Booli is a typical refresher throughout the Baltic region, including Estonia. Its name derives from the Old English word bolle and originally alluded to the traditional container in which the booli was placed; nowadays, it refers to the drink itself. This mixed drink is more typical at parties than at bars. It peaked in popularity around the 1970s, although is still served as a refreshment at social functions today. Typically combining fresh fruit with wine and brandy, booli has countless variations exist. This particular recipe blends Champagne, brandy, pineapples, and oranges to form a delicious šampanjabool (Champagne bowl), although drinkers may easily deviate from these ingredients to create another flavored booli if desired. Refreshing, sweet, and effervescent, booli gives a party a festive Estonian touch.
- 2 bottles Champagne
- 3 ½ oz sherry
- 3 ½ oz brandy
- 1 ¾ Cointreau
- 4 tbsp honey
- ½ pineapple
- 2 oranges
Cut the pineapple into chunks, and slice the oranges. Transfer the fruit to a large bowl and add the honey, sherry, brandy, and Cointreau. Stir well, and refrigerate for two hours. Immediately before serving, pour in the Champagne. Add ice to chill, if desired.
Homemade liqueurs, the making of which was once an outdated Estonian pastime, are making a comeback in the Baltic country. Typical infusions include locally grown herbs and berries, while adventurous drinkers have been known to experiment with rowanberry, sea-buckthorn berry, and spruce tips. At Christmastime, some Estonians like to give these homemade liqueurs as gifts to friends and family, and the recipe below is specifically intended for that purpose. Sweet and boozy, jõululiköör is an excellent way for one to either give or drink the local flavors of Estonia.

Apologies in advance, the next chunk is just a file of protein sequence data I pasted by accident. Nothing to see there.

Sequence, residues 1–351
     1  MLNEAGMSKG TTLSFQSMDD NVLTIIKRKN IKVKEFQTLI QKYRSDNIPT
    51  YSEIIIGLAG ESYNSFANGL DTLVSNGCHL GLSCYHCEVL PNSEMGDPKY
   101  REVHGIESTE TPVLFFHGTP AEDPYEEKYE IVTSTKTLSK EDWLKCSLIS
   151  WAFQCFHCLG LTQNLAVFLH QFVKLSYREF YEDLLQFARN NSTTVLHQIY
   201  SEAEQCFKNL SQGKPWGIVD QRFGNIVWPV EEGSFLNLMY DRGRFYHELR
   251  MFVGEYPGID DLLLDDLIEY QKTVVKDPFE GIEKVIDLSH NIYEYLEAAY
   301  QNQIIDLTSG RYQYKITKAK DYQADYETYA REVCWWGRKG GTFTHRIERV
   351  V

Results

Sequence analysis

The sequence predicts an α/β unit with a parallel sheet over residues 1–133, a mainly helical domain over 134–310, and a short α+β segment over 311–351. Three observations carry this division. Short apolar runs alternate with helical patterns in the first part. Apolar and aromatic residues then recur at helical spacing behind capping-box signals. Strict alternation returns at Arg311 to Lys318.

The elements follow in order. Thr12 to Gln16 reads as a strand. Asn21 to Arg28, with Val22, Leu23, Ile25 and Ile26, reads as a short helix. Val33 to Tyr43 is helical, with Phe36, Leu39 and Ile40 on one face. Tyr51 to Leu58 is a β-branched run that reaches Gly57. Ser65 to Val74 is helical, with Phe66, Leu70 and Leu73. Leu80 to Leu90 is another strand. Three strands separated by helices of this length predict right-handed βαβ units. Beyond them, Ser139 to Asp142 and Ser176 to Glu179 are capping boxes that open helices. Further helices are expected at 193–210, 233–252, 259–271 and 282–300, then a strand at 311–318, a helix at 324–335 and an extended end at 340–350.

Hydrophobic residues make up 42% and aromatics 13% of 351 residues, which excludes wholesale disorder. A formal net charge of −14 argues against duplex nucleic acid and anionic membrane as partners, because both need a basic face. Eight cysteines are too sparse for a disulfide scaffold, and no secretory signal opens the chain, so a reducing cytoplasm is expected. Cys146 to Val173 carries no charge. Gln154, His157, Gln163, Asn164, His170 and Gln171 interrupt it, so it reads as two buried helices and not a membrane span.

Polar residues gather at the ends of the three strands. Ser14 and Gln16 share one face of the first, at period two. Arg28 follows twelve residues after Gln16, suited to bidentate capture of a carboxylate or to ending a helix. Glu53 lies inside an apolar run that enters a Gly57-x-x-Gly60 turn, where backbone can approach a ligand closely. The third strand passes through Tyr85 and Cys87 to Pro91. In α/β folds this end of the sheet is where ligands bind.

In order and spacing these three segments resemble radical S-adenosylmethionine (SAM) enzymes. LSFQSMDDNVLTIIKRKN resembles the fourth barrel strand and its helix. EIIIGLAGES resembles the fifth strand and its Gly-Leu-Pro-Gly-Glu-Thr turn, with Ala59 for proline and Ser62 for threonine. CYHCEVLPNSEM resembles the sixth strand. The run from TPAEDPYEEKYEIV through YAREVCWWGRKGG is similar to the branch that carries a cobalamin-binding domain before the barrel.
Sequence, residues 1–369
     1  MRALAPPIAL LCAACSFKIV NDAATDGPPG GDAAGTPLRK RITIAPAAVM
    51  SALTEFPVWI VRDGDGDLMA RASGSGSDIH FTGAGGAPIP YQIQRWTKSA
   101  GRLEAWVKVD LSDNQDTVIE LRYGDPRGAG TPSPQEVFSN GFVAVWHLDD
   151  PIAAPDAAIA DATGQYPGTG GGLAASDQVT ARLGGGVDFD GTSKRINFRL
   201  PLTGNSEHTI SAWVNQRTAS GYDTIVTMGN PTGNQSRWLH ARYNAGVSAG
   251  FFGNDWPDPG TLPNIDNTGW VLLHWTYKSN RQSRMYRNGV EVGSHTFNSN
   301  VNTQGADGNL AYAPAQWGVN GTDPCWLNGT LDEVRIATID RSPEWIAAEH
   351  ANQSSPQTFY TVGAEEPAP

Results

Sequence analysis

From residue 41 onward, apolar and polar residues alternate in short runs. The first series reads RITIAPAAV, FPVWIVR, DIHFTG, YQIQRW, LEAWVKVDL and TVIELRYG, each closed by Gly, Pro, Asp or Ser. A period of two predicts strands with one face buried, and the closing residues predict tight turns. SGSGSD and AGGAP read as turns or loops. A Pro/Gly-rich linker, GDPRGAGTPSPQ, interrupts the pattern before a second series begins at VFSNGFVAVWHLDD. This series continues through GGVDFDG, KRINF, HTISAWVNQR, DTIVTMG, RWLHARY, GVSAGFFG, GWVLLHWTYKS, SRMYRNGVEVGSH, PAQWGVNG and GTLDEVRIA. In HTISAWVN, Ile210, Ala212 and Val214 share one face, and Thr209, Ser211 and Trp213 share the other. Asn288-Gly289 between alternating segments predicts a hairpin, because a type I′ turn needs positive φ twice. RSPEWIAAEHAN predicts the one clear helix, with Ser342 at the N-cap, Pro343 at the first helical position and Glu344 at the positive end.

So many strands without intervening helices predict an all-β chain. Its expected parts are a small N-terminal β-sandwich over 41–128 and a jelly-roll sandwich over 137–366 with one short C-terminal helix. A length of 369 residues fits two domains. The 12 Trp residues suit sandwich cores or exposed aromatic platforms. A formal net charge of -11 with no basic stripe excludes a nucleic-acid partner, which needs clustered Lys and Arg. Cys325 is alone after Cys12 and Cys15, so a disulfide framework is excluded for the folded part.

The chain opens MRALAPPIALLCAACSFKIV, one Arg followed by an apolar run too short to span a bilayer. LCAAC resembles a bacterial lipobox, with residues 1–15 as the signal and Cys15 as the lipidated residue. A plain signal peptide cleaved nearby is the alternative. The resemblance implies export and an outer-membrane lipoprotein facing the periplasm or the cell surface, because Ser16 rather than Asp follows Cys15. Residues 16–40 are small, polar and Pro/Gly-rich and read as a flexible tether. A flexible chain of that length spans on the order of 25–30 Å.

- 17 oz Viru Valge vodka
- 1 cup fresh berries
- ¾ cup sugar
In a three-liter jar with and airtight lid, layer the berries and the sugar. Fill the jar to the brim with vodka, and seal tightly. Shake well until the sugar is dissolved. Leave in a cool, dark place for two weeks. Open the jar, and strain the liquid into a sealable bottle. Discard the remaining fruit. To serve, pour in lowball glasses over ice, use in cocktails, or give as a unique gift.
Estonians are known for being heavy drinkers, especially with regard to vodka. The liquor even holds a spot in traditional folk medicine, such as one interesting remedy that calls for an individual to soak her socks in vodka before putting them on; even today, some Estonians swear by these “vodka socks.” Locally-produced Viru Valge is considered the most popular vodka in the country, although there is no shortage of other Estonian and Russian brands. Many Estonians drink their vodka straight rather than mixing it, however there are a few traditional vodka-based cocktails, such as kalevipoeg, a dessert drink that is heavy on the booze. Try this Estonian specialty with Viru Valge for extra authenticity—no sock-soaking required.
- 2 ½ oz Viru Valge vodka
- ½ cup orange juice
- 1 lemon slice
Combine the vodka, juice, lemon, and honey. Mix well, until fully blended. Serve in a lowball glass over ice.
While Tallinn is full of unique and interesting watering holes, Valli Baar is unquestionably in a rank all its own. The bar is placed under protection by the Tallinn Cultural Heritage Department, and attracts both loyal locals and patrons from all corners of the globe with its ’70s décor, great atmosphere, and signature drink—the milimallikas. Not for the faint of heart, this shot is usually chased with orange juice to combat its potency. Adventurous drinkers may wish to serve milimallikas at a party with friends to experience this Tallinner shooter.
- 1 part Sambuca
- 1 part tequila
- 2 dashes Tabasco sauce
Pour the Sambuca into a shot glass. Use a spoon to carefully layer in the tequila. Top with a few dashes of Tabasco.
Vana Tallinn Coffee
Vana Tallinn (Old Tallinn), a robust, rum-based liqueur, is Estonia’s best-known alcoholic beverage and a local favorite. Famous for its dark brown color and distinctive, velvety taste, Vana Tallinn is flavored by hints of citrus, cinnamon, and vanilla. This so-called “Baileys of Estonia” is excellent drunk neat, used as a flavoring in desserts, or added as a complement to coffee. Try it in this popular yet simple coffee recipe to enjoy Estonia’s liquid treasure as the locals do.
- 1 part Vana Tallinn
- 3 parts hot coffee
- 1 tbsp sugar
Pour the Vana Tallinn into a large mug. Top with freshly brewed coffee, and stir in the sugar, if desired.